Day FIFTEEN and boy oh boy was I super excited about today…for many reasons. I couldn’t wait to paint this painting for obvious reasons because the painter’s style, the fact that she is my new hero and that I thought it would come natural to me because her paintings are similar to my own…in a way. The portraits of her are as amazing as her pieces. She absolutely blows my mind in the artistic, style and fashion sense. She’s super fun, waaaaay ahead of her time and well, I’ll just let you be the judge in just how awesome she is. Today I present to you…
Yayoi Kusama (草間 彌生 or 弥生 Kusama Yayoi, born March 22, 1929) is a Japanese artist and writer. Throughout her career she has worked in a wide variety of media, including painting, collage, sculpture, performance art and environmental installations, most of which exhibit her thematic interest in psychedelic colors, repetition and pattern. A precursor of the pop art, minimalist andfeminist art movements, Kusama influenced contemporaries such as Andy Warhol and Claes Oldenburg. Although largely forgotten after departing the New York art scene in the early 1970s, Kusama is now acknowledged as one of the most important living artists to come out of Japan, and an important voice of the avant-garde.
Born in Matsumoto, Nagano into an upper-middle-class family of seedling merchants, Kusama started creating art at an early age, going on to study Nihonga painting in Kyoto in 1948. Frustrated with this distinctly Japanese style, she became interested in the European and American avant-garde, staging several solo exhibitions of her paintings in Matsumoto and Tokyo during the 1950s. In 1957 she moved to the United States, settling down in New York City where she produced a series of paintings influenced by the abstract expressionist movement. Switching to sculpture and installation as her primary mediums, Kusama became a fixture of the New York avant-garde, having her works exhibited alongside the likes of Andy Warhol, Claes Oldenburg and George Segal during the early 1960s, where she became associated with the pop art movement. Embracing the rise of the hippie counterculture of the late 1960s, Kusama came to public attention when she organized a series of happenings in which naked participants were painted with brightly colored polka dots.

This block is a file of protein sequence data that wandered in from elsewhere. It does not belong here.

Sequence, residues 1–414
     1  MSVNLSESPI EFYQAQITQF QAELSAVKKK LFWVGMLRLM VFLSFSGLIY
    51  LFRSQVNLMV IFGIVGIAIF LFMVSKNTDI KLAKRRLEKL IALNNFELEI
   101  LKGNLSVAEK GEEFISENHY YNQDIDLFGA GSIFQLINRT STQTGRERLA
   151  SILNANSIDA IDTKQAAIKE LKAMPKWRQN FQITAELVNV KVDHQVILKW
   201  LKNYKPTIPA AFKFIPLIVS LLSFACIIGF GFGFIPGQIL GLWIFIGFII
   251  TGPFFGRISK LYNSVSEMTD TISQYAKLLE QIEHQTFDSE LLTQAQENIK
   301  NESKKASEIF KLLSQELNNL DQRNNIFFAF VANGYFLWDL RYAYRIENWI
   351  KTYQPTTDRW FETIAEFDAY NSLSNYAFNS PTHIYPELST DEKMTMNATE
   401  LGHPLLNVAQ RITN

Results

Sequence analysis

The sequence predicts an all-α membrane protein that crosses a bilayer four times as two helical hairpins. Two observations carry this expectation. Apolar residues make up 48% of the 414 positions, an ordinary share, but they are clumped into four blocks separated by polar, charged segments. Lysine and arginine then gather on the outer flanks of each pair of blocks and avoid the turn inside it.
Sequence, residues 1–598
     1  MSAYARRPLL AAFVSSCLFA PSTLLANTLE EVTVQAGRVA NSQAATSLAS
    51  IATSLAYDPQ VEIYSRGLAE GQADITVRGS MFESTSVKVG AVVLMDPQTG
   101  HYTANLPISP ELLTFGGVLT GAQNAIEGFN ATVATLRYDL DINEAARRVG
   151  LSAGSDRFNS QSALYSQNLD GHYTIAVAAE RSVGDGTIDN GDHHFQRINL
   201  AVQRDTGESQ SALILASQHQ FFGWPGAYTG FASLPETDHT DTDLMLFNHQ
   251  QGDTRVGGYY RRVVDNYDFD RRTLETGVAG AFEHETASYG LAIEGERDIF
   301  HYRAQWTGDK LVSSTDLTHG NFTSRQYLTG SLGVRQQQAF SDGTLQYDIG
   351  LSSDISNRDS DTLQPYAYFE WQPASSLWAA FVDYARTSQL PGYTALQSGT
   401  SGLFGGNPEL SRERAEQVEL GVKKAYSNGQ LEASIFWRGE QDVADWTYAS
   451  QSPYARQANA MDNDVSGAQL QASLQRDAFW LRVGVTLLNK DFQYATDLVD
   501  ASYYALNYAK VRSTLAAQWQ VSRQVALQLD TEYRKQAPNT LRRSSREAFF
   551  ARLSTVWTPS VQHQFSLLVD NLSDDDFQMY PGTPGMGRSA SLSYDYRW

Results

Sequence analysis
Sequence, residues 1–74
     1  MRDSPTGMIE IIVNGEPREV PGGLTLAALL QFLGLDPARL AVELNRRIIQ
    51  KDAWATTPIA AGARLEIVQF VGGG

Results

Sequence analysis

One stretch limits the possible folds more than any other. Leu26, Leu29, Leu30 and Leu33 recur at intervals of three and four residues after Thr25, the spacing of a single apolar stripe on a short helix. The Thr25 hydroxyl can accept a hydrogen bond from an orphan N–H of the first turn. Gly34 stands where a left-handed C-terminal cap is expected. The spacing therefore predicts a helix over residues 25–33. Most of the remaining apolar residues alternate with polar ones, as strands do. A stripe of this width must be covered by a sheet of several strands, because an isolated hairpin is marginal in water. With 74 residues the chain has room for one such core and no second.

In 1973, Kusama moved back to her native Japan, where she found the art scene far more conservative than that in New York. Becoming an art dealer, her business folded after several years, and after
experiencing psychiatric problems, in 1977 she voluntarily admitted herself to a hospital, where she has spent the rest of her life. From here, she continued to produce artworks in a variety of mediums, as well as launching a literary career by publishing several novels, a poetry collection and an autobiography.
Kusama’s work is based in conceptual art and shows some attributes of feminism, minimalism, surrealism, Art Brut, pop art, and abstract expressionism, and is infused with autobiographical, psychological, and sexual content. Kusama is also a published novelist and poet, and has created notable work in film and fashion design. Major retrospectives of her work have been held at the Museum of Modern Art, the Whitney Museum, and Tate Modern, whilst in 2008 Christies New York sold a work by her for $5.1 million, a record for a living female artist.
Read her full bio here.
Here are some examples of her artwork that I drew inspiration from.
I love the colors and playfulness of her art! Now you can understand why I could just post photos of her here over and over! It was difficult to choose exactly what colors to use. I wanted to capture the brightness of her work, but also have my own style thrown in.
It was a colorful and fun painting experience. I stared and examined her artwork all morning, but when I began to paint the art took on a life of it’s own.
It was invigorating and I loved the stream of consciousness style of my piece. It was as if I had fallen into a sort of trance.
I now take you on my Kusama painting journey. I hope you enjoy it as much as I did.
And now my finished piece!
Thanks again for joining me on this amazing journey. Isn’t Yayoi one of the most totally tubular ladies ever? She makes me want to do art full time and dress in amazing and colorfully insane outfits and paint until I’m 85! What an inspiration. Until tomorrow…which by the way, is going to be awesome. I have my best friend painting with me!
PS here’s one more photo of her for Louis Vuitton. Seriously, I could post photos of her all day.